DOCUMENT BESUME 72 /27 02488 - [A1732741] ARea ~e< - [Public Relations Personnel Costs in 20 rc4eral Agencies and Various Other Costs]. LCD-77-424; E-161939. June 10, 1977. 11 pp. + 2 enclosures (2 pp.). Report to Sen. William L. Scott; by Elmer B. Staats, Comptroller General. Contact: Logistics and Communications Div. Budget Function: General Government: other General Government (806). Organizaticn Concerned: Department of Defense; Department of Agricultare; Civil Service Commission; General Services Administration. congressional Relevance: Sen. William L. Scott. Authority: Food Ztamp Act of 1964, as amended. P.L. 94-419. 44 U.S.C. 1905. 44 U.S.C. 1718. 44 U.S.C. 1301. 7 U.S.C. 417. Much of the data requested on the costs associated with various specific Federal programs is not available in any centralized form. GAO investigated the following areas: the number of Federal employees in public affairs and congressional relations in the 20 largest Government agencies; the amount spent for recruitment by the mil.tary; Gov6rnment audiovisual costs; the development and printiu; costs of the Agricultural Yeerbook bicentennial issue and the farmers' bulletin cost; the cost of the Department of Agriculture's Food Stamp Outreach program for fiscal year 1976; and advertising costs in the Federal Government. Findings/Conclusions: Information submitted by the 20 agencies indicated that total personnel expense.s for public affairs and congressional relations totaled about $82 million in FY 1976. According to the Department of Defense, about $516 million was spent for military recruitment during FY 1976. Limited information is available on Government audiovisual costs, and agency accounting systems are not generally designed to report the information. The total cost for the 1976 Yearbook produced by the Department of Agriculture was about $577,000. The Department also spent about $578,000 on production of the farmers' bulletins in fiscal year 1976. Both the Yearbook and the bulletins are published primarily for delivery to, or distribution for, Mebhers of Congress. The Department of Agriculture reimbursed State agencies $968,604 for costs incurred in the Food Stamp Outreach program iz FP 1976. No current information is available on Government advertising costs. 'SC) COMPTROLXH" GENIRAL Of THC UNITED STATES WASHINTON. O.C RKSTRICTED -- '- - --- 4 ~.t"Ide the General Accounttng Offce -' ' specific app@oval ED B-161939 by the Off-ce oa /J577 it The Honorable William L. Scott United States Senate JUN 10 1977 Dear Senator Scott: By letter dated November 29, 1976, you requested that we obtain information on costs associated vith various Fed- eral programs such as public relations and audiovisual ac- tivities. After meeting with your office, we agreed to obtain: -- The number of Federal employees in public affairs and congressional relations and the salaries for these employees in the 20 largest Gove.:nment agencies. -- The amount spent for recruitment by the military. -- Government audiovisual costs, if available from the General Servicee Administration. -- The development and printing costs of the Agriculture Yearbook bicentennial iss:ue, and the farmers' bulle- tins cost, and the number of copies of both distrib- uted free by the Government. -- The cost of the Department of Agriculture's Food Stamp Outreach program for fiscal year 1976. -- Advertising costs in the Federal Government. Agency-supplied data is presented below. As agreed with your office, we did not verify the accuracy of informa- tion furnished by the various agencies. DATA ON FEDERAL EMPLOYEES WORKING IN PUBLIC AFFAIRS ANB CONGRESSIONAL RELATIONS Since there is no Government-wide definition of public affairs, each agency defined public affairs and congressional relations itself to determine which employees to include in each category. We requested that the agencies include support staff as well as professional employees. LCD-77-424 B-161939 Information submitted by the 20 agencies is: FY 1976 FY 1977 (Actual) (Budgeted) Personnel Sala Pesonnel Sao-lary Public affairs 3,496 $62,414,557 3,366 $65,464,085 Congressional relations 950 $19,693,888 934 20,126,275 Enclosure I is an index of the agencies, their personnel and salaries. The number of public affairs and congressional relations employees reported by the agencies and shown in the index varied widely. For example, the Department of Trans- portaticn, which had a $4.3 billion fiscal year 1976 budget, reported 281 public affairs employees for fiscal year 1976 while the Department of Agriculture, with a $11.8 billion budget in fiscal year 1976, reported only 8 employees in public affairs. Department of Agriculture A previous GAO report on public affairs costs (B-161939, Sept. 30, 1975) explained the Department of Agriculture's philosophies that distinguishes public affairs from public information activities. At that time, Agriculture had 21 offices (which varied from 1 to 123 employees) which dis- seminated information to the public. Agriculture refers to these offices as public information, not public affairs ac- tivities, because these offices explain agriculture programs to the pLblic. Therefore, public information activities em- ployees are not included in Agriculture's public affairs costs. Department of Defense For both fiscal years 1976 and 1977 the Department of Defense reported over $20 million for public affairs costs. This figure included employee benefits as well as straight salary costs. Public Law 94-419 imposes a $24 million ceiling on the Defense Department's Fp:blic affairs expenditures. In view of the small difference between the 1976 expenditure and the legal limitation we asked the Defense Department for total public affairs costs for fiscal year 1976. The Defense Department reported that total public affairs expenditures-- prcgrams and people--exceeded $23 million. 2 B-161939 Our previous report to the Senate Foreign Relations Committee, "Expenditures for Public Affairs Activities" did not (B-161939, July 30, 1973), reported that Defense activities in include operating costs for all promotionrecord all person- public affairs expenditures, nor did it nel costs for such activities. We reviewed selected activi- ties which were at least partly promotional and found that military ceremonial bands, costs for special aerial teams, In- exhibits, the Defense Forces service museums, service-related College of the Armed formation School, and Industrial affairs costs. seminars were not reported by Defense as public its We recommended that the Defense Department reexamine since many costs position on what it considered public affairs definition activities mentioned in our report met the Defense We also sug- of public information and community relations. the types gested that the Foreign Relations Committee clarify under the of Defense activities it expected to be reported limitation. that they In commenting on our report, Defense statedthese for other believe their decision to not report costs as puilic af- activities to the Foreign Relations Committee that the. fairs costs is proper. Defense further explained of the De- Congressional Appropriations Committees are awaresuggested fense definition of public affairs but have not broadening its scope. Others The Civil Service Commission and General Serrices Admin- istration also reported few employees in these categories. included We asked officials in these agencies if theyto had these offi- all employees in their figures. According relations em- cials, all public affairs and congressional ployees had been reported. As a matter of interest to you, there is no requirement costs-- that agencies specifically identify public affairs exists in the programs and people--so no central location Government where this information can be obtained. Total Government public affairs costs have previously been obtained by special studies or one-time reporting with the criteria for To our methods and definitions established by each report. was re- knowledge, the last special study for public affairsin 1970, which quested by the Office of Management and Budget $153 million in fiscal showed public affairs obligations to be 3 B-161939 year 1969. These costs included supplies, materials, and equipment, as well as personnel services and travel costs. MILITARY RECRUITMENT COSTS According to the Department of Defense, about $516 mil- lion was spent fo.L ilitary recruiting during fiscal year 1976. This amount. &ncludes recruiting costs for both active duty and reserve forces. A Defense official stated that the recruitment expendi- tures were: Expenditure Active forces recruitment (millions) Military salaries for recruiters and headquarters-level employees who monitor the recruitment program $182.6 Salaries for civilian support 25.9 Recruiting support, such as travel, printing, auto leasing, utilities 71.4 Leasing facilities for recruiting stations 25.1 Costs for recruitment advertising 68.8 Enlistment bonuses presently offered by the Army and the Marine Corps 68.5 Travel and per diem costs for recruiter aides, who are sent to their home neighborhoods for a few weeks to assist recruiting 6.2 $448.5 Reserve forces recruitment Military salaries 36.4 Civilian salaries 8.7 Recruiting support, including leasing facilities 22.6 $ 67.7 Total $516.2 4 B-161939 AUDIOVISUAL COSTS Audiovisual activities are defined in this report as those functions which produce and distribute audiovisual products such as motion picture films, still photos, tele- vision services, and audio services. The General Services Administration and the Office of Management and Budget have limited Information on Government audiovisual costs. Neither agency has information on annual operating costs requested by your office. An Office of Man- agement and Budget official stated that the agencies' annual operating costs cannot be obtained because the agency account- ing systems are not designed to report the information. However, the Office of Management and Budget provided some information on audiovisual costs which they obtained from studies completed in 1974 and 1977. The first study was prepared by the Office of Telecommunications Policy and reported cost data for fiscal year 1972 from the 15 largest users of audiovisual media in the Federal Government. The second study, prepared by the Office of Management and Bua- get, shows costs for fiscal year 1976 and includes informa- tion on 19 Federal agencies. Both reporcs contain information on the cost of obtain- ing audiovisual services from outside sources and the volume of in-house and contract production for different audiovisual media. We extracted data on 15 agencies from both reports so you may compare audiovisual production for fiscal years 1972 and 1976. In-house audiovisual production, contract production, and contract costs for the 15 audiovisual users are: Is~~~~~~~~~~~~~~~~~~~~~~~~~~ B-161939 Inhouse Contract Running Running ' Time (min.) Time (min.) Contract cost 1972 1976 1972 1976b I972 1976 Television produc- tions 22,338 126,212 651 47,105 $ 309,000 $11,377,356 Motion pic- ture pro- ductions 7,453 9,249 1',192 22,100 17,555,000 16,999,361 Mixed media produc- tions (a) 273,404 (a) 101,219 1,4'4,900 2,899,413 Total $19,308,000 $31,276,130 a/Mixed media running time not reported in fiscal year 1972 data report. In addition to these contract costs, tne Office of Tele- communications Policy reported in January 1974 that the ac- quisition value of equipment owned by the 15 agencies included in their study was $431 million as of June 30, 1972. In a December 1975 report, the General Services Adminis- tration estimated the total Government investment in audio- visual facilities equipment and inventories to be $1 billion and annual operating costs to be $500 million. We could not obtain this report's backup information and therefore cannot comment on the accuracy of these estimated costs. Our current audit plans include reviewing the utiliza- tion and effectiveness of audiovisual activities managed by agencies and the feasibility of consolidating audiovisual activities in certain geographic areas. AGRICULTURE YEARBOOK AND FARMERS' BULLETINS COSTS The Department of Agriculture produces both the Agricul- ture Yearbook and farmers' bulletins. The Agriculture Year- book is published yearly and is part two of the annual report of the Secretary of Agriculture. The 1976 Agriculture Year- book, "The Face of Rural America," is a hard cover publication 284 pages long. In contrast to prior yearbooks which con- tained reports and papers on various agricultural subjects, 6 .B-161939 the 1976 yearbook mainly contained photographs of American agriculture. Farmers' bulletins are reprints of articles on different agricultural subjects written mainly by Agriculture employees. Farmers' bulletins cover many subjects, such as home and garden bulletins, or leaflets such as "How to Raise Straw- berries," "Foundations For Farm Buildings," and "Home Canning of Fruits and Vegetables." TbA bulletins vary from one to several pages long and are produced in single page or pamphlet form. Both the Agriculture Yearbdok and farmers' bulletins are published primarily for delivery to, or distribution for, Mem- bers of Congress. Agriculture Ycarbook The cost of the 1976 yearbook consists of both the ma- terials development cost and the printing cost. Total cost is approximately $577,000. Agriculture o.'ficials stated that the development cost of the 1976 yearbook was $56,000, which is the salary cost for the 3 employees who put together the yearbook material. According to these officials, the reason why only employee salaries were considered development costs was that the year- book is a collection of materials that have previously been produced by the Department or donated by land grant colleges. The Agriculture Department stated it would have reproduced this data even if no yearbook were published. Printing cost was the major production cost of the 1976 yearbook. Actual yearbook printing was procured from a com- mercial printer by the Government Printing Office. According to Government Printing Office records, 286,763 yearbooks were printed costing $520,807. This includes freight costs. The yearbooks were printed for the Department of Agriculture, the Superintendent of Documents, and other Government agencies. The number of copies and billed costs were: 7 B-161939 Number of Billed cost Billed to copies (note a) Depar'ment of Agriculture: .opies for the Congress 233,450 $442,434 Copies for Agriculture 30,000 41,682 Superintendent of Documents: Copies for sales 15,000 24,434 Copies for Depository Libraries 1,175 1,937 Copies for International Exchange 135 205 Other agencies 7,003 10,115 Total 286,763 $520,807 a/This includes freight costs. The Superintendent of Documents and the other agencies paid less per copy of the yearbook than the Department of Agriculture. This is because of differences in freight costs and a cheaper printing add-on rate, which the contractor charges for printing additional copies. The majority of yearbooks were distributed to recipients free of charge. As shown, 271,763 yearbooks were distributed to: Congress: Senate (100 members and 3 Senate officers--550 copies each) 56,650 House of Representatives (435 members, 4 delegates, and 3 House officers--400 copies each) 176,800 233,450 Department of Agriculture '30,000 Superintendent of Documents 1,310 Other agencies 7,003 Total free copies 271,763 8 B-161939 Yearbook distribution to the Congress and copies retained by the Department of Agriculture is permitted by 44 U.'S.C. 1301, which allows printing up to about 470,000 yearbooks for the Congress and 30,000 yearbooks for the Department of Agri- culture. The minimum number of copies for the Congress for fiscal year 1977 must be no less than 232,250. The copies made available to Members of Congress are for distribution to constituents. The copies retained by the De- partment of Agriculture are distributed to the press, visiting dignitaries, and various department bureaus, who in turn dis- tribute the yearbook to land grant colleges, Department of Agriculture and Future Farmers of America libraries, and other recipients. The Superintendent of Documents distributed 1,310 year- books free of charge, as required by law. Depository li- braries and the Library of Congress received 1,175 and 135 respectively. The Superintendent of Documents is required by 44 U.S.C. 1905 to distribute copies of Government pFbli- cations to designated depository libraries throughout the country, and 44 U.S.C. 1718 directs that copies of Govern- ment publications be furnished to the Library of Congress for official use in the District of Columbia and for publica- tions exchange with other nations. Yearbooks printed for other agencies were for distribu- tion overseas or internal use. The United States Information Agency had 5,000 copies printed for distribution overseas to give key contacts in other countries a pictorial view of American agriculture. The Department of Interior required 1,113 yearbooks, which were distributed to various depart- ment offices and bureaus. Many other agencies had small quantities of the yearbook printed for their internal use. Only 15,000 yearbooks were not given away or used internally by agencies. These were printed for sale by the Superintendent of Documents. These yearbooks are sold at the Government Printing Office bookstores cr by mail by the Superintendent of Documents for $7.30 per copy. FARMERS BUTLETINS Funds are appropriated annually to the Department of Agriculture for production of farmers' bulletins. As author- ized by 7 U.S.C. 417, four-fifths of the bulletins are to be made available to, or sent out for, Members of Congress. 9 B-161939 According to Department of Agric ilture officials, in fiscal year 1976 the Department spent about $578,000 on bulletin production, however, this cost does not include distribution and mailing costs, which we were unable to obtain. The farmers' bulletins are distributed free by the Agri- culture Department for the Congress, in response to letters requesting information and through the Department Extension Service and Visitors Center. During fiscal year 1976, 9.3 million farmers' bulletins were distributed. Although four-fifths of these were available to the Congress, only 3.3 million were delivered to or sent out for Members of Congress. According to Agriculture officials, 3.3 million represented the total publications requested by the Congress. The remaining 6 million publications were made available for distribution to the public through: -- The Department's Extension Service, where County agents and State universities give the publications to in- dividuals requesting information. -- The Department's Visitors Center, where the general public can obtain publications in person. -- Responding to letters from individuals. DEPARTMENT OF AGRICULTURE COST FOR THE OUTREACH PROGRAM The Food Stamp Outreach Program was authorized as part of the Food Stamp Act of 1964 as amended. The act states "* * * the State agency shall undertake effective action, including the use of services provided by other federally funded agencies and organizations, to inform low-income households concerning the availability and benefits of the food stamp pro- gram and insure the participation of eligible households * * *." To achieve the Outreach Program's purposes, the State agencies initiate and monitor efforts to reach all poten- tially eligible households and provide eligible households with reasonable and convenient access to the program. In fiscal year 1976 all States, plus the Distrigt of Columbia, Guam, Puerto Rico, and, the Virgin Islands participated in the Outreach Program. 10 B-161939 The Outreach P-ogram's cost is divided between the Federal Government and participating States. The act states "* * * the Secretary is authorized to pay to each State agency an amount equal to 30 per centur of all administrative costs including * * * the out- reach * * * requirements of Section 10 of this Act * * * According to Department of Agriculture officil$s, the Depart- ment reimbursed State agencies $968,604 for costs the State agencies incurred during fiscal year 1976. These payments partially reimbursed State agencies for the salaries of pro- gram coordinators and employees working on Outreach. We asked Agriculture officials how they control the funds given to the States in the Outreach Program. We were told that the States must submit to Agriculture a semiannual plan of Outreach activities and a semiannual performance report. Agricu'ture also performs an annual financial man- agement review of each State's use of funds. FEDERAL ADVERTISING COSTS The information you requested is not readily available and would require gathering data from each Gove'nnent agency and bureau. To answer a similar congressional inquiry in 1975, we obtained, from 31 agencies (see enclosure II), their total advertising cost. We trust this data will meet your needs. These 31 agencies spent $141.6 million for advertising by private agencies in fiscal year 1974 and estimated that $145.5 million would be spent in fiscal year 1975. In addi- tion, the agencies spent $47.5 million for in-house advertis- ing during fiscal year 1974 and estimated $53.3 million in costs for in-house advertising for fiscal year 1975. There- fore, these 31 agencies spent about $189 million and $199 million for fiscal years 1974 and 1975. Sincery yours, Comptroller General of the United States Enclosures - 2 11 ENCLOSURE I ENCLOSURE I rrNoo 0O ow- i a a a a a a cc - L.. 6 EO la Ul C 0 M C MN*Cr MM *O-4 fo- C 0 C C v n N C v* .4 Ci Ng goAn '0 NC W *i9 IVa.o W M M iNw I- W M OWIl fM j 0 IV 0 M m N wo 00 f-Ia oc~* N 0 ~ ~c elI inn u - -4 M '0 j in >1 IY1 O 140'10VI · C(P~n O cI, 4 D 6 7; 0 0% Q~ N - N Ch 1%COM N0% … NM%. '1N … : C a i in 1% r- % * N i M% CM = 1 .I '0 .4 C r~… W =1Ct .0041 N If- C 0 4'fiW 4c' @019 *0NW 0 % 0 r 0 * ncm01c 0 U WI e V w Q . 1 a 0 0 0 0 0 CD a C -OW N 0e% 4%N a 0%z '0 .0*1 at t- at 0a 010 '0 * 09 N Ii I r ~ 41~ O r 4'0U9 N~~0 nIN % N E0 O WN . 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I 1- CS 41 go1S 6 a C ~C ' 4N 0 6 ODM Ir D. U-4 O~~~~~~~~~Ic C 0N sa a 00880 QuW la DO -ENCLOSURE II ENCLOSURE II AGENCIES QUESTIONED IN 1975 ABOUT ADVERTISING COSTS 1. Department of Agriculture 2. Department of Commerce 3. Department of Defense 4. Department of Health, Education, and Welfare 5. Department of Housing and Urban Development 6. Department of the Interior 7. Department of Justice 8. Department of Labor 9. Department of State 10. Department of Transportation 11. Department of the Treasury 12. ACTION 13. American Revolution Bicentennial Administration 14. Commission on Civil Rights 15. Consumer Product Safety Commission 16. Council on Environmental Quality 17. Energy Research and Development Administration 18. Environmental Protection Agency 19. Equal Employment Opportunity Commission 20. Federal Communications Commission 21. Federal Energy Administration 22. Interstate Commerce Commission 23. National Aeronautics and Space Administration 24. Nuclear Regulatory Commission 25. Selective Service Commission 26. Small Business Administration 27. Smithsonian Institution 28. United States Civil Service Commission 29. United States Information Agency 30. United States Postal Service 31. Veterans Administration 2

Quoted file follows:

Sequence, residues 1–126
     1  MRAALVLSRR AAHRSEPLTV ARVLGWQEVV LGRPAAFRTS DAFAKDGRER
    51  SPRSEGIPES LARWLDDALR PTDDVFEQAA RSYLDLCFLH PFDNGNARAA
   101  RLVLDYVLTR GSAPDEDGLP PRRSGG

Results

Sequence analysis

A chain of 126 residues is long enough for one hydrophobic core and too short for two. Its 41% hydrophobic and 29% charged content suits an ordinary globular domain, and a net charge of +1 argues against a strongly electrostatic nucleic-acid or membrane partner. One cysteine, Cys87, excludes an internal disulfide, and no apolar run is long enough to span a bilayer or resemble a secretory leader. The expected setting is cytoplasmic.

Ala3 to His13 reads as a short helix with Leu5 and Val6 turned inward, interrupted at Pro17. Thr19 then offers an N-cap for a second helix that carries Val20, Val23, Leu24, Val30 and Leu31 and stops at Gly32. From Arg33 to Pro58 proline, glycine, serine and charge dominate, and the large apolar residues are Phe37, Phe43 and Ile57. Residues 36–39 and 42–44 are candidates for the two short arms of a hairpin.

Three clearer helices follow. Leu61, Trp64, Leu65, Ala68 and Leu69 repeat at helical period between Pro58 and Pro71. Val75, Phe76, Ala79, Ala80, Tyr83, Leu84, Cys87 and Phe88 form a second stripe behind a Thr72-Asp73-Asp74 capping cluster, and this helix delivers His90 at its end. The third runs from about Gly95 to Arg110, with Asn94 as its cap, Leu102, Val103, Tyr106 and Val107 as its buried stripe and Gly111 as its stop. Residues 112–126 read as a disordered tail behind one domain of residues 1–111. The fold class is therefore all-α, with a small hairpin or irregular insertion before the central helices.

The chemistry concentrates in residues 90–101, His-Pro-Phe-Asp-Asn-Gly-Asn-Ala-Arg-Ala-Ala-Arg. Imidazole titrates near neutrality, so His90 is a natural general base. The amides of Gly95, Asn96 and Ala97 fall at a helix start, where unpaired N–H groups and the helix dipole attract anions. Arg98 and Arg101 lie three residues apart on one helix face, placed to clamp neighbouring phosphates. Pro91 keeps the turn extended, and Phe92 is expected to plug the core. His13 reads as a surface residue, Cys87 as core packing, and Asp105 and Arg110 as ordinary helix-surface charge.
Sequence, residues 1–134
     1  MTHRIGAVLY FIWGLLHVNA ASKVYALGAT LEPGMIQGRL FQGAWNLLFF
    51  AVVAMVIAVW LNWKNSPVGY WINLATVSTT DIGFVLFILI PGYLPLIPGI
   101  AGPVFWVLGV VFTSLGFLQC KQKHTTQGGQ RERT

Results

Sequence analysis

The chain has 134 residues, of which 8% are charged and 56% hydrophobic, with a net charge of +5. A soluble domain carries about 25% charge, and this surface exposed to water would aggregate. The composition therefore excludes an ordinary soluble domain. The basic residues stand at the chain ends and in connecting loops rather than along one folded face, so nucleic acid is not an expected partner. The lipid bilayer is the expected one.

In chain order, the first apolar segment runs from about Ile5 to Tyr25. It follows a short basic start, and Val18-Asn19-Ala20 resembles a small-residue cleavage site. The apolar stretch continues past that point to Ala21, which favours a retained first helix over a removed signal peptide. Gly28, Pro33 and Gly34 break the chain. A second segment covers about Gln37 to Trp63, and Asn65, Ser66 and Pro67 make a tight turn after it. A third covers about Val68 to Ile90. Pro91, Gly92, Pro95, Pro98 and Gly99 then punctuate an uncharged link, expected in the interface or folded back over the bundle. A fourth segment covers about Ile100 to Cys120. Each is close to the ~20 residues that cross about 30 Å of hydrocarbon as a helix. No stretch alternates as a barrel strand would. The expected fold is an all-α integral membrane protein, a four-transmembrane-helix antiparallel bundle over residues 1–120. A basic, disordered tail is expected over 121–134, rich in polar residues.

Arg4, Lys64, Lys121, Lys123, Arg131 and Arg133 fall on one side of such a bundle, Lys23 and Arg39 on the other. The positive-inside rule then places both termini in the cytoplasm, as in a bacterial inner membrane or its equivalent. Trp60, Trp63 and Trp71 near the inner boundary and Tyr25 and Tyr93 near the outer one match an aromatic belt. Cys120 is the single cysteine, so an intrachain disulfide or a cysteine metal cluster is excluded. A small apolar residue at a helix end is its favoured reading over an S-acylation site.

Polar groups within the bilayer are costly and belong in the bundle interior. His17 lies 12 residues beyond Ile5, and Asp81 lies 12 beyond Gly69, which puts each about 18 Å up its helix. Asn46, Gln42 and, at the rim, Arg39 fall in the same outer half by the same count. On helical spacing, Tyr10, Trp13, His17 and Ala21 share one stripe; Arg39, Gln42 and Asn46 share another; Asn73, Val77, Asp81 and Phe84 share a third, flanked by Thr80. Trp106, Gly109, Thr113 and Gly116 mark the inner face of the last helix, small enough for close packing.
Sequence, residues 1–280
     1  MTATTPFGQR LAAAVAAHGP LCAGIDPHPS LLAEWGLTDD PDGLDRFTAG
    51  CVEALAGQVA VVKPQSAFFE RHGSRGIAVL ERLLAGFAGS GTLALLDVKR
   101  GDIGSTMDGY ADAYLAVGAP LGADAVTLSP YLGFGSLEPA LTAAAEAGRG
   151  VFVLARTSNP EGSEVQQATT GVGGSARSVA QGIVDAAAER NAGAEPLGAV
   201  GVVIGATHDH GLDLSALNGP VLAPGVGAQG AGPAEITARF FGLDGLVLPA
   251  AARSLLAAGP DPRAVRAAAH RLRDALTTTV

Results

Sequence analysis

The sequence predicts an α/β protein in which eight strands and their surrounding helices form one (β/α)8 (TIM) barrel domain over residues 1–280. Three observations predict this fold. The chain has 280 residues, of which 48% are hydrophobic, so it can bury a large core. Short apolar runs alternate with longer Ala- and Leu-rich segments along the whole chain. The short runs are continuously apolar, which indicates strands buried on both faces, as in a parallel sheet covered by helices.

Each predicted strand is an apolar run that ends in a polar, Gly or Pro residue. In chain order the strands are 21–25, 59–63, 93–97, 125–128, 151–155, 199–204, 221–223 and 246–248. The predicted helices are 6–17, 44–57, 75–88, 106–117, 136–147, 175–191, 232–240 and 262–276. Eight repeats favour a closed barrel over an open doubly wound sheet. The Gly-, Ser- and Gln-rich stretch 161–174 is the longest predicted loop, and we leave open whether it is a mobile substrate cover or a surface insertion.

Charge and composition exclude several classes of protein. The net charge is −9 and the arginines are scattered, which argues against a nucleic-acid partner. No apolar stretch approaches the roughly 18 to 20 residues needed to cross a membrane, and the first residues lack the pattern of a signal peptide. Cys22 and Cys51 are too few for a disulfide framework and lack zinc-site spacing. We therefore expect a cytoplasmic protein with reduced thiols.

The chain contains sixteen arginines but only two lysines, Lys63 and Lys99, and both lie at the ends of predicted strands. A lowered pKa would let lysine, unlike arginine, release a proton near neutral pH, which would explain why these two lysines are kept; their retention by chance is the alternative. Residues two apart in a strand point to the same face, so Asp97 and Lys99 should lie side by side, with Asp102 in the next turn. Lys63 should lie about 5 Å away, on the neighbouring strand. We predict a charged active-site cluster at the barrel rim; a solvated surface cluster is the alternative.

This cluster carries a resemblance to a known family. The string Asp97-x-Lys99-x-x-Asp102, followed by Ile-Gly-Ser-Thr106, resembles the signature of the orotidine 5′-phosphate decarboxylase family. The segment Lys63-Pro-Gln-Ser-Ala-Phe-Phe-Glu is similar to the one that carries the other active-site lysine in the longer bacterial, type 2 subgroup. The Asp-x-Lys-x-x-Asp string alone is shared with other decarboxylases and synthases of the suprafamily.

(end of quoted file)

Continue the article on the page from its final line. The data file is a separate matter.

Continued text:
Public Relations Personnel Costs in 20 Federal Agencies and Various Other Costs
Published by the Government Accountability Office on 1977-06-10.
Below is a raw (and likely hideous) rendition of the original report. (PDF)